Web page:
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November is traditionally the strongest month for sales of light truck

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November is traditionally the strongest month for sales of light truck  [#permalink]

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New post Updated on: 10 Sep 2018, 05:12
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November is traditionally the strongest month for sales of light trucks, but sales this past November, even when compared with sales in previous Novembers, accounted for a remarkably large share of total vehicle sales.


(A) but sales this past November, even when compared with sales in previous Novembers,

(B) but even when it is compared with previous Novembers, this past November’s sales

(C) but even when they are compared with previous Novembers, sales of light trucks this past November

(D) so that compared with previous Novembers, sales of light trucks this past November

(E) so that this past November’s sales, even compared with previous Novembers’ sales,[/quote]


Verbal Question of The Day: Day 187: Sentence Correction


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The Official Guide for GMAT Review, 2016

Practice Question
Question No.: SC 116
Page: 695



November Sales

(A) CORRECT

(B) Pronoun (it); Comparison (compared with)

(C) Comparison (compared with)

(D) Meaning (so that); Comparison (compared with)

(E) Meaning (so that)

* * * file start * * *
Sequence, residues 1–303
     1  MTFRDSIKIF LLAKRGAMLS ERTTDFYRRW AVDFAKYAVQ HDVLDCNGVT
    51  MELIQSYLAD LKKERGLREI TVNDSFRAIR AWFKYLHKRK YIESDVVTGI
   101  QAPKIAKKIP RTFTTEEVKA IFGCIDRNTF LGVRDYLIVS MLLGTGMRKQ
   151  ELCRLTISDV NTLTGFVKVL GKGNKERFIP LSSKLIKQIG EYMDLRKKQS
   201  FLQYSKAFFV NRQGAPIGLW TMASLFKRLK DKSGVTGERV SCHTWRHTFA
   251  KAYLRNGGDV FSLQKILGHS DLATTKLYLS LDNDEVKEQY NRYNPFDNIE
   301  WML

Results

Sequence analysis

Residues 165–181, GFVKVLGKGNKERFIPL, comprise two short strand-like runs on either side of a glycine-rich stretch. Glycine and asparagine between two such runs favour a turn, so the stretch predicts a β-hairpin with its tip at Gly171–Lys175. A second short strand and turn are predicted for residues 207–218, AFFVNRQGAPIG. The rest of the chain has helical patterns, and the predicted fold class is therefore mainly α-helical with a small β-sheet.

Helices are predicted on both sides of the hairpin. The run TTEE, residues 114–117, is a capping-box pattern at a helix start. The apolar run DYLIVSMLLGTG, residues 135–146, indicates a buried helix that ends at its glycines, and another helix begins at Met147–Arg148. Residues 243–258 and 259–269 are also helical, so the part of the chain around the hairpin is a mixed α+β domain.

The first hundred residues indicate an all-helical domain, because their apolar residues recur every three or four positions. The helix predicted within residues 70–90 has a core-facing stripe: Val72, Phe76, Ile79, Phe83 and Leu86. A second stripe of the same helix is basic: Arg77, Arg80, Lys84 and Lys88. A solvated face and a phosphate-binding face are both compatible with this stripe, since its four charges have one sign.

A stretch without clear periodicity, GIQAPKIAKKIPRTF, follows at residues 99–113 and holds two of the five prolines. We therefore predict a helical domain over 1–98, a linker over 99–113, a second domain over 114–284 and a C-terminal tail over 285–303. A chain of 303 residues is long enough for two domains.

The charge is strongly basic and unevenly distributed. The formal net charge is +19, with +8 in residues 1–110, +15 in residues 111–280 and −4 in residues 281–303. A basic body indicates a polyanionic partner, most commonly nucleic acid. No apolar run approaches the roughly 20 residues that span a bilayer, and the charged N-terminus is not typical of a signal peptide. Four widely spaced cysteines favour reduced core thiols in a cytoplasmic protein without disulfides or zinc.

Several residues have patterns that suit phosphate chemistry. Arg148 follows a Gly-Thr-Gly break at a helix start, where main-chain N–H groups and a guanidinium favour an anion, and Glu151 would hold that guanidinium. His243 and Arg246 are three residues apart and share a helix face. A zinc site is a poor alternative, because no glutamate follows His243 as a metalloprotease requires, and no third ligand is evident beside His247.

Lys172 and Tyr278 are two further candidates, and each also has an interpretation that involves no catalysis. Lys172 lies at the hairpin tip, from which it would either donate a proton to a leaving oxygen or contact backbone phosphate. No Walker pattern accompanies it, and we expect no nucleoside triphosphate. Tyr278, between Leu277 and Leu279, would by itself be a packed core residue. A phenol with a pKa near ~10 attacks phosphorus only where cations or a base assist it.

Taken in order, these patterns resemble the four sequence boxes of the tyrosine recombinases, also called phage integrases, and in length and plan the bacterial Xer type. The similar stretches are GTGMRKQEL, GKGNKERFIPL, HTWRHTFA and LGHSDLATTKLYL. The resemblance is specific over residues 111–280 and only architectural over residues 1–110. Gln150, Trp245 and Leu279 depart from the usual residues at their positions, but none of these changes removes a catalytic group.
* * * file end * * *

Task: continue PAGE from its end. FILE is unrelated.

First glance

The underline starts with the conjunction but, so this sentence may be testing sentence structure, meaning, or an idiom.

Issues

(1) Pronoun: it

Answers (B) and (C) both use a pronoun in the same location in the sentence, but (B) uses it and (C) uses they. Check for a singular-plural match.

In both cases, logically, the pronoun should refer to the plural noun sales (later in the sentence); in other words, the pronoun should be plural. Eliminate answer (B).

Note: if you say that it refers to the singular November in answer (B), then the comparison is faulty. Previous Novembers aren’t supposed to be compared with the month of November in general; they are supposed to be compared with this past November.

(2) Comparison: X compared with Y

When you see a comparison marker, make sure that the comparison is apples to apples.

(A) sales this past November… compared with sales in previous Novembers

(B) it [sales] is compared with previous Novembers

(C) they [sales] are compared with previous Novembers

(D) compared with previous Novembers, sales…this past November

(E) this past November’s sales, …compared with previous Novembers’ sales

Fix: Answers (B), (C), and (D) compare sales to previous Novembers. This is a faulty comparison. Answers (A) and (E) correctly compare sales from one period to sales from another period. Eliminate answers (B), (C), and (D).

(3) Meaning: so that

Answers (A), (B), and (C) all start with but; answers (D) and (E) start with so that. What’s the difference?

The sentence is trying to convey a surprising fact. It is already the case that November is typically a strong month for light truck sales. Surprisingly, this past November was even stronger than usual. The contrast word but can appropriately link these two sentence together: you already knew something was true, but it was even more true this past November!